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22: ABL

June 1, 2010

This post has been rattling around for a while, but on the heels of Jodi’s list of 21 Tips, today seemed like a good time to try to hammer my disconnected thoughts into something useful.

Anyone who is familiar with the movie Glengarry Glen Ross, high-pressure sales tactics, or ESPN (specifically in relation to relief pitchers), have probably come across the ABC rule: Always Be Closing. In it’s simplest form, it says that to be the best at sales (or pitching) you should make every move or decision with the intent of moving inexorably toward your final goal.

Several years ago, upon hearing to sports fans, discussing the pitching version of the saying, I adapted one of my personal writing credos to parody the rule. So to follow up Jodi’s 21 tips, I’ll ass #22 – ABL: Always Be Learning.

Of all the writing tips I’ve heard over the years that don’t directly relate to putting the words on the page, this is my favorite. And no, I don’t claim to have come up with it on my own. It’s actually a modified version of a rule from an College Professor, who said that people who write ads need to have knowledge that is an inch deep, and a mile wide; that is to say they need to know a little a bit about everything.

For writers (whether they be fiction, non-fiction, poetry, technical, lyricists…) this need is even greater. We create entire people, vast worlds, unusual situations, detailed conversations and so much more. How do we do this? We adapt what we know to the story we want to tell. And how well we do that is critical. Ask yourself how likely you are to read a story where the characters’ actions and reactions are contrived. Or where the detailed fantasy world the author is asking you to believe, unintentionally breaks all the rules of normal science.

So how do we create real characters, with real reactions, real hobbies, and real, well-rounded lives? Simple. We learn about real people, with real reactions, real hobbies, and real, well-rounded lives. Even if you don’t realize you do this, we all do. We people-watch. We eavesdrop. We pay attention to our own family and friends. We collect traits from the people we don’t like and they insinuate their way into the personalities of our antagonists. To an extent, this is an natural as it is unconscious. But it can also be a very intentional process. The notebook I usually carry with me has several pages at the back with lists of likable and distasteful traits, habits, hobbies, expressions…

Of course this doesn’t apply only to people. As writers, we have to take the time to keep ourselves learning. I’ve always found the best way to do this is to constantly tinker with life. You can do this in a reactive way; if you have a character who you think should have knowledge of guns, you can go buy a book, or find a friend who likes guns and sit them down for a good Q&A. Or you could take a proactive approach; go try out new things, and there’s a decent chance that those ballroom dancing classes you took, will worm their way into your stories ant some point.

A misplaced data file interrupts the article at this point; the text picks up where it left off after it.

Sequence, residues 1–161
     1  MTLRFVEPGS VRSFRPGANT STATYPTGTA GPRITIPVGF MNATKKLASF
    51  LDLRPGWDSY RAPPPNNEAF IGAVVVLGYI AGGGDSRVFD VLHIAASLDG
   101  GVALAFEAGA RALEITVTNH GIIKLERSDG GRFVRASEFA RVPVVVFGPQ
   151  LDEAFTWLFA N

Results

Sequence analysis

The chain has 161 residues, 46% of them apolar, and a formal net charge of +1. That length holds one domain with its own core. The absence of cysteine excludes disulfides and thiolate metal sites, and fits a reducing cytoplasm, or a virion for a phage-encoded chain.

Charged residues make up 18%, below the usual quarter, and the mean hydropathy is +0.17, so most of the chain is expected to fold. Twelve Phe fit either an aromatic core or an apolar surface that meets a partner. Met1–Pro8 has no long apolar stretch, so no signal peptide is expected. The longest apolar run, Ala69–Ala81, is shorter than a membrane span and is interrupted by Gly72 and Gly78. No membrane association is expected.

What have you learned, lately? Can you put that into your writing?

This week Dale is learning about painting, primers, spackle and in-town moves.
  1. June 1, 2010 7:28 pm

    LOL!! I think writing short fiction ( and series fiction with Captain Juans chronicles) has been the biggest learning period of my life. I have made myself extremely knowledgeable on a range of things I’d never considered.. … pigeons, how to make explosives from straw whilst on a ship, migration of geese, a HEAP of things about space travel, firing capabilities of cannons in the 16th century… to name a few things….

  2. adampb permalink
    June 1, 2010 9:06 pm

    I’ve learned that I have a lot more to learn about this whole novel writing thing. I like short fiction because I can focus on one aspect of a character, rather than having to flesh out a character who has likes and dislikes, hobbies and fetishes. I’m in the pre-production phase for my first novel and I can see so many holes in what I need to know and learn in order for it to accomplish what I have in mind. I am beginning to understand authors who say that their character “comes to life.” I am also acutely aware that sometimes is it best to just “do” and learn the lessons along the way. However, best to learn a bit before you start to wash the elephant in the corner (to mix my metaphors).

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